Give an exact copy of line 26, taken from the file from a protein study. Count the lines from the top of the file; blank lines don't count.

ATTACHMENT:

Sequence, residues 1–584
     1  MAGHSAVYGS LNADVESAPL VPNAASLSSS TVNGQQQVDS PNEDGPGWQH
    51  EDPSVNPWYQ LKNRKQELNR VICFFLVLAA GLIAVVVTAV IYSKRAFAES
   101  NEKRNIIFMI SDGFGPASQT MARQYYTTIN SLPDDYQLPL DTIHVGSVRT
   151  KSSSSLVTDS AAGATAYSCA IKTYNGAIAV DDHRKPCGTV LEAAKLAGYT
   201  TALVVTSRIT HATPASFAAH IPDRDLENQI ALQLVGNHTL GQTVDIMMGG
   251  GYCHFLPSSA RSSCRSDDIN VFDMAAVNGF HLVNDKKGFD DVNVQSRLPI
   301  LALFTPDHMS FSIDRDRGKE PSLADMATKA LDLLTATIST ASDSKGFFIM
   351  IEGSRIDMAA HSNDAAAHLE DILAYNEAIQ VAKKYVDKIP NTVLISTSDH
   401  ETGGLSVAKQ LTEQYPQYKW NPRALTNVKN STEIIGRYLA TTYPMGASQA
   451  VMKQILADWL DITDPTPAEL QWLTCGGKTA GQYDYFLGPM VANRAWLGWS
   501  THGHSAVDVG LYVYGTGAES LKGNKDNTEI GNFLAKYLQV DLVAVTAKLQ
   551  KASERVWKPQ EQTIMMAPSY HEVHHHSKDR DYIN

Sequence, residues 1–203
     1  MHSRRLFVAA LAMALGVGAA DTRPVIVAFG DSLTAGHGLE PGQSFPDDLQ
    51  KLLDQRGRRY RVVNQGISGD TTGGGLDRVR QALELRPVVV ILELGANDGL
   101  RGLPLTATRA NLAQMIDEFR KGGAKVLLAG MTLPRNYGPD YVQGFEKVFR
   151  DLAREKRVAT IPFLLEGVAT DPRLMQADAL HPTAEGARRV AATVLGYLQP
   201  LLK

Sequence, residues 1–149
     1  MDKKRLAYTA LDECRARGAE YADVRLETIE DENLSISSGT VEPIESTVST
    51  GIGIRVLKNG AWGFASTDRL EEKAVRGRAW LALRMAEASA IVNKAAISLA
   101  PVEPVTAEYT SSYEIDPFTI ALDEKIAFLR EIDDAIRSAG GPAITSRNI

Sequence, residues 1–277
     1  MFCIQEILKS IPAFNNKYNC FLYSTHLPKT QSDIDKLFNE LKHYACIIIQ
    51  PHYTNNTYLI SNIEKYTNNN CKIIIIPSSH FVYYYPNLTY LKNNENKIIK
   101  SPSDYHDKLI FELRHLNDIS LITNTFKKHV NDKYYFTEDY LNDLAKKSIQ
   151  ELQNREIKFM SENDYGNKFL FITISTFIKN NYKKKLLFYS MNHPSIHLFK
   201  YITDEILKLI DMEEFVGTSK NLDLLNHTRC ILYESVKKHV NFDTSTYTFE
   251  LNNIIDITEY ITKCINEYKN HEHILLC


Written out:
    51  PHYTNNTYLI SNIEKYTNNN CKIIIIPSSH FVYYYPNLTY LKNNENKIIK